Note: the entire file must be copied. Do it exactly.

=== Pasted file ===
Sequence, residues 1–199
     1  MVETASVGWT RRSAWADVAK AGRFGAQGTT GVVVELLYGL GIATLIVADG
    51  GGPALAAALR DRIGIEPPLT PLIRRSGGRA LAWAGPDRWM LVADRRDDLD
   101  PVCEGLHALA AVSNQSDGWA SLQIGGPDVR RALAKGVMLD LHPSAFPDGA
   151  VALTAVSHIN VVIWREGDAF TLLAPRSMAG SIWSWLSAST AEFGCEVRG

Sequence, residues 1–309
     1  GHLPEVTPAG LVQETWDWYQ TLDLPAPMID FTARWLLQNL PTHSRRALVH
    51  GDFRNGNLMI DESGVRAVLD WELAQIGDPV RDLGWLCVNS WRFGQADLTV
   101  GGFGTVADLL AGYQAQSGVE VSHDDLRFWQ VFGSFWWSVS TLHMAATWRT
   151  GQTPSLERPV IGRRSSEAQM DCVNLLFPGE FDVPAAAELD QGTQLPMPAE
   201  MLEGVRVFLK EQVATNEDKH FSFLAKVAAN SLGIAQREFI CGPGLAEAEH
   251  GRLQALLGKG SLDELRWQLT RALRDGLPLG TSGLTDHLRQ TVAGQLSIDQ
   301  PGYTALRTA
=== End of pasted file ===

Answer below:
Sequence, residues 1–199
     1  MVETASVGWT RRSAWADVAK AGRFGAQGTT GVVVELLYGL GIATLIVADG
    51  GGPALAAALR DRIGIEPPLT PLIRRSGGRA LAWAGPDRWM LVADRRDDLD
   101  PVCEGLHALA AVSNQSDGWA SLQIGGPDVR RALAKGVMLD LHPSAFPDGA
   151  VALTAVSHIN VVIWREGDAF TLLAPRSMAG SIWSWLSAST AEFGCEVRG

Sequence, residues 1–309
     1  GHLPEVTPAG LVQETWDWYQ TLDLPAPMID FTARWLLQNL PTHSRRALVH
    51  GDFRNGNLMI DESGVRAVLD WELAQIGDPV RDLGWLCVNS WRFGQADLTV
   101  GGFGTVADLL AGYQAQSGVE VSHDDLRFWQ VFGSFWWSVS TLHMAATWRT
   151  GQTPSLERPV IGRRSSEAQM DCVNLLFPGE FDVPAAAELD QGTQLPMPAE
   201  MLEGVRVFLK EQVATNEDKH FSFLAKVAAN SLGIAQREFI CGPGLAEAEH
   251  GRLQALLGKG SLDELRWQLT RALRDGLPLG TSGLTDHLRQ TVAGQLSIDQ
   301  PGYTALRTA